Environmental Best Management
Demonstration Horse Farm
Through the use of best
management practices, equine facilities can flourish while
remaining environmentally friendly.
In 2005 a team of Rutgers researchers affiliated
with the Equine Science Center and several state and federal agencies
began a multi-year collaboration. They sought to develop a demonstration
working horse farm on the Cook campus that would use
agricultural best management practices to provide solutions to many of
the problems facing farm owners and stable managers today.
Our researchers have identified numerous environmental
issues, such as preserving water quality, proper nutrient and waste
management, farm and pasture management, weed control, fencing, pasture
rotation, and soil enrichment. These are just a few of the many facets
of farm management that the project will address.
Located at the existing Ryders Lane facility on
approximately 40 acres, the facility, when complete, will be not only be
a model best management practices horse farm, but also a learning center
where research, education and proactive outreach through live
demonstrations and twilight seminars will enrich the public’s
understanding of how to successfully manage the environmental challenges
their farms may pose.
Goals of the project:
- To develop and maintain the Ryders Lane facility as a
demonstration working horse farm by implementing best management
practices (BMPs) which address pasture management, stormwater, and
manure issues. BMPs are cost-effective and easy to implement.
- To conduct
educational programs at the farm which demonstrate the
implementation of best management practices to enhance and maintain
pasture and water quality.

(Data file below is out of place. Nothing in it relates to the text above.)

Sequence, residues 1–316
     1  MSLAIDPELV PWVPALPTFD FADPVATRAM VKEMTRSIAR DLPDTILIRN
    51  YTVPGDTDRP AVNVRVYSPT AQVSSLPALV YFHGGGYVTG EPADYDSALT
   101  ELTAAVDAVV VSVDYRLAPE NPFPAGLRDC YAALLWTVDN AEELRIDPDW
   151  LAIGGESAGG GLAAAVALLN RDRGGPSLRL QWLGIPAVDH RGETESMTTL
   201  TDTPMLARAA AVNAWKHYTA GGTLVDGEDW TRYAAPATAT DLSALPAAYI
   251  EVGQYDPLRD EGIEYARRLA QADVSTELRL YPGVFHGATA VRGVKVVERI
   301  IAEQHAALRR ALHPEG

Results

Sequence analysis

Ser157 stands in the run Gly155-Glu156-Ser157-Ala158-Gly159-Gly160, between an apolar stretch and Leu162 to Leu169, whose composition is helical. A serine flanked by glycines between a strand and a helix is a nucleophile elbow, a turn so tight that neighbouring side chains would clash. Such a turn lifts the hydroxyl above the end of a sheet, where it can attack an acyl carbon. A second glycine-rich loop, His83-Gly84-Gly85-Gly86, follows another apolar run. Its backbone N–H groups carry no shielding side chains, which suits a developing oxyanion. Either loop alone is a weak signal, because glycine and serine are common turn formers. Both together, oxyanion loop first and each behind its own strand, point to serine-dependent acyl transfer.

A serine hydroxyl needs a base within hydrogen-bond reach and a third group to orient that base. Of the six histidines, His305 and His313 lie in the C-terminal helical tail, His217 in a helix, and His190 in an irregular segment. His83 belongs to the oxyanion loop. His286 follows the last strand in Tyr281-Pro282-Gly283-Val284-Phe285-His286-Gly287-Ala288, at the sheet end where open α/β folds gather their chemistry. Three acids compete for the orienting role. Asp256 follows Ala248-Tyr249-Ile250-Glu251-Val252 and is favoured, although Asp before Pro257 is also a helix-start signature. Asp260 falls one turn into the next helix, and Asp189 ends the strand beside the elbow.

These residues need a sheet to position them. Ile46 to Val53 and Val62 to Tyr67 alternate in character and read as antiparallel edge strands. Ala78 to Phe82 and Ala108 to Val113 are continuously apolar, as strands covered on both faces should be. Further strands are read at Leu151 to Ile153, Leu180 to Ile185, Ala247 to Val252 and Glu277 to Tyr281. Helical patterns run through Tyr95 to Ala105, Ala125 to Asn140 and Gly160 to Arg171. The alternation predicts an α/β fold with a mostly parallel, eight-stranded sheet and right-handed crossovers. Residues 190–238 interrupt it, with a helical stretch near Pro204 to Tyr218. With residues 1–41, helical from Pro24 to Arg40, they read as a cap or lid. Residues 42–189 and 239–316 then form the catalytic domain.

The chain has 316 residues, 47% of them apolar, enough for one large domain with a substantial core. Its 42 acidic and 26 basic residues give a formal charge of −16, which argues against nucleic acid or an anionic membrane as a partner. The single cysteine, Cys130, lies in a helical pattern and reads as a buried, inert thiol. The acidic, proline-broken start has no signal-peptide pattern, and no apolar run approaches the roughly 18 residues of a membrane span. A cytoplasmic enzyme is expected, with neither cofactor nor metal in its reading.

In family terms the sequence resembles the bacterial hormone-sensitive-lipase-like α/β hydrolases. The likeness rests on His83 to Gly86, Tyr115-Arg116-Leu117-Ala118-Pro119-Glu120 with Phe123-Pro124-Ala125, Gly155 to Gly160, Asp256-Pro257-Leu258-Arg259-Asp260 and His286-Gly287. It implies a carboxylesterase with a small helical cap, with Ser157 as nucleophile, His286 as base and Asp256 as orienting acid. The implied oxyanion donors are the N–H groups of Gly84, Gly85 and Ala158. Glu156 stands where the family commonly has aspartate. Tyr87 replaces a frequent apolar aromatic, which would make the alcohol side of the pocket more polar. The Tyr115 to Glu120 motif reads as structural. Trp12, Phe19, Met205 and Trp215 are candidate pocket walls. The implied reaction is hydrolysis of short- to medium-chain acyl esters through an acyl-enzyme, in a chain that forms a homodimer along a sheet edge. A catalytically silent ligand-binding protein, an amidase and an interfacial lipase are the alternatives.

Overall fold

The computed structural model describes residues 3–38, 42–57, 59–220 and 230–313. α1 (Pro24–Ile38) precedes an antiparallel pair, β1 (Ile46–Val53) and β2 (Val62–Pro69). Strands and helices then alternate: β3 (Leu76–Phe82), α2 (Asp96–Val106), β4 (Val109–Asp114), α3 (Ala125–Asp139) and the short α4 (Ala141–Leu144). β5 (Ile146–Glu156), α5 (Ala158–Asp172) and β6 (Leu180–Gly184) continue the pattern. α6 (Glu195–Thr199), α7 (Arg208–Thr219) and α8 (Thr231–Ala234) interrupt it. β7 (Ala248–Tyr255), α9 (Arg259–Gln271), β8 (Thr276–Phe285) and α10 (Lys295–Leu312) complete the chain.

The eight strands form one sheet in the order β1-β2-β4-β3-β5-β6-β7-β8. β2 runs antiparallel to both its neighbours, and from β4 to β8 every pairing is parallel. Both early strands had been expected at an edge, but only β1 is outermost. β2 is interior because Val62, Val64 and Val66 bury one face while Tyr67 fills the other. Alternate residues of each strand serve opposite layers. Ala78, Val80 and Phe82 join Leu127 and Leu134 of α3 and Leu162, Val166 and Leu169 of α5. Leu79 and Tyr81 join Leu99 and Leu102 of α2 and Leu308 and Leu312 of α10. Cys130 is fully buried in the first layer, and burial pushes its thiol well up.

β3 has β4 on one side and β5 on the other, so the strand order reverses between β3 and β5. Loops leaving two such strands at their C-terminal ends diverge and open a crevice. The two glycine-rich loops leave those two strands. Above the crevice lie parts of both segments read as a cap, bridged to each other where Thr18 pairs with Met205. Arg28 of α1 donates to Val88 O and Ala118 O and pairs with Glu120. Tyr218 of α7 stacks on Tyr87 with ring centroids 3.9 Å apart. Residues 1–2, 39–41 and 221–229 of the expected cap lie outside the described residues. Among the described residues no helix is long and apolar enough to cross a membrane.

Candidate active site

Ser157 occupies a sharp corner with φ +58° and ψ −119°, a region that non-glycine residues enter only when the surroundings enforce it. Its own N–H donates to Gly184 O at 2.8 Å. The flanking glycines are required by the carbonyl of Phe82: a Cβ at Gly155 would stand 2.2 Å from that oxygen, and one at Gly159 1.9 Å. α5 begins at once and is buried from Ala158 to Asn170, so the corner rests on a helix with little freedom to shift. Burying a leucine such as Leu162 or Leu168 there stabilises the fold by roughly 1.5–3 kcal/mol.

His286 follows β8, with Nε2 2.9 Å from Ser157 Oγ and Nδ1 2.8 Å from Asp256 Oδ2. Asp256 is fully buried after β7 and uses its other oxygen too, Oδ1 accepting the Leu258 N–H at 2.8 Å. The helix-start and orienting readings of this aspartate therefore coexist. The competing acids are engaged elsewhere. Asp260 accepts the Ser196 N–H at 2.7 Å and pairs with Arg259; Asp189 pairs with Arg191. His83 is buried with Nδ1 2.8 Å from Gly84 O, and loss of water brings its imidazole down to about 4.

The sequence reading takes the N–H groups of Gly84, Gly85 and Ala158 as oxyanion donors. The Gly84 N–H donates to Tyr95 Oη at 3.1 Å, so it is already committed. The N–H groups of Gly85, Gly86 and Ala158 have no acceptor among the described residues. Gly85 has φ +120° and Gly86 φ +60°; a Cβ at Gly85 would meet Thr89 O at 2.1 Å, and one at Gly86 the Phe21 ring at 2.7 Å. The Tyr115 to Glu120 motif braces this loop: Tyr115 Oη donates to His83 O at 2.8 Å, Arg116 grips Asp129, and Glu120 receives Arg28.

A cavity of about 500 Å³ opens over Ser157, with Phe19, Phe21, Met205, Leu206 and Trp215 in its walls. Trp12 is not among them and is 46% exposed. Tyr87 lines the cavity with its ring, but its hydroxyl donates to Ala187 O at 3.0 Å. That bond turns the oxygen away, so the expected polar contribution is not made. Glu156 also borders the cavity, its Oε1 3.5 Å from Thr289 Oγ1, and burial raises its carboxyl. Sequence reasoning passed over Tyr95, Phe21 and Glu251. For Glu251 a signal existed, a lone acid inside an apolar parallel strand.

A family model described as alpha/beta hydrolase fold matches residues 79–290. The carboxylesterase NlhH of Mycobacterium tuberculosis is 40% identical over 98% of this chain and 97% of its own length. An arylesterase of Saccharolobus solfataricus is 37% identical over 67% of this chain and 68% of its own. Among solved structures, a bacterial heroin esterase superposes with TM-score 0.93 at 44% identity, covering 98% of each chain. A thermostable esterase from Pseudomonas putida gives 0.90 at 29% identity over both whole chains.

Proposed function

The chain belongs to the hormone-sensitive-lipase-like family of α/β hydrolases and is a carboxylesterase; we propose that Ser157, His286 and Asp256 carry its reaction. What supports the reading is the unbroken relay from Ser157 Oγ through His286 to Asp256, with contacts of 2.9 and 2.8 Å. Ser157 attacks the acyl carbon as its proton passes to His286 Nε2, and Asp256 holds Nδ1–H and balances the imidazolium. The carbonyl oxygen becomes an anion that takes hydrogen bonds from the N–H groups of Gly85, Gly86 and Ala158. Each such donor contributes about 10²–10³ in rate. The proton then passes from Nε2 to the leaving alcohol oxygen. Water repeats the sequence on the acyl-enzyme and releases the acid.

- To utilize the farm
site to conduct research on new forage varieties.
- To provide learning
experiences and educational programs in pasture renovation, forage
varieties, soil fertility, weed identification and management,
rotational grazing, storm water management and manure storage,
composting, and utilization.
Equine Science Center partners for
this project include:
- Region II of the
U.S. Environmental Protection Agency
- The Natural Resources Conservation Service
- The Northeast Sustainable Agriculture Research and Education
Program of the U.S. Department of Agriculture
- The New Jersey Department of Agriculture
- The New Jersey Department of Environmental Protection
- The Center for Turfgrass Science at Rutgers University
- The Department of Animal Sciences,
- The Department of
Environmental Sciences, Rutgers University
- Rutgers Cooperative Extension of the New Jersey
Agricultural Experiment Station
- The Service
Department of Animal Care, Rutgers Cooperative Extension
Assistance and collaboration in this
project has been provided by the following:
- Paul Coco, NRCS
- Laura Coover, Conservationist, NRCS
- Ed Kunkel, P.L. Rohrer
- Evan Madlinger, NRCS
- Michael Mirage, Civil Engineer, NRCS
- Chris Smith, Soil Scientist, NRCS
Rutgers Cooperative Research and
Extension Team Members
Carey A. Williams, Ph.D. (Project Lead) Extension
Specialist in Horse Management
Dr. Williams specializes in equine nutrition and pasture management.
Christopher C. Obropta, Ph.D., P.E. (Co-Manager) Extension
Specialist in Water Resources
Dr. Obropta is leading the design for stormwater runoff and water
Michael Westendorf, Ph.D. (Co-Manager) Extension Specialist
in Livestock and Dairy
Dr. Westendorf is leading the design for proper manure management,
including storage and composting.
William J. Bamka, (Collaborator), County Agricultural Agent
Mr. Bamka is collaborating on the design of a pasture management
Michael J. Fennell, Ph.D., (Collaborator), Director of Animal
Dr. Fennell supervises the involvement of animal interaction at the
Sarah L. Ralston, VMD Ph.D., dACVN (Collaborator), Associate
Professor in Animal Sciences, SEBS
Dr. Ralston specializes in equine nutrition and effects of pasture
on equine metabolism.
Supporting Team Members
Karyn Malinowski, Ph.D., Director, Equine Science
Clint Burgher, Research Farm Manager, Animal Care, SEBS
Dan Kluchinski, Agricultural Resource and Management Agent,
Rutgers Cooperative Research and Extension
William Meyer, Professor, Plant Biology and Pathology, SEBS
Robert Mickel, Agricultural Resource and Management Agent,
Rutgers Cooperative Research and Extension
Janice Reid, Assistant State Conservationist for Programs,
New Jersey Department of Agriculture
Mark Van Gessel, Ph.D., University of Delaware Weed
Nick Romanenko, Michael Westendorf, Ph.D. Carey Williams, Ph.D.
Rendering provided by Peter L. Kallin, Ph.D.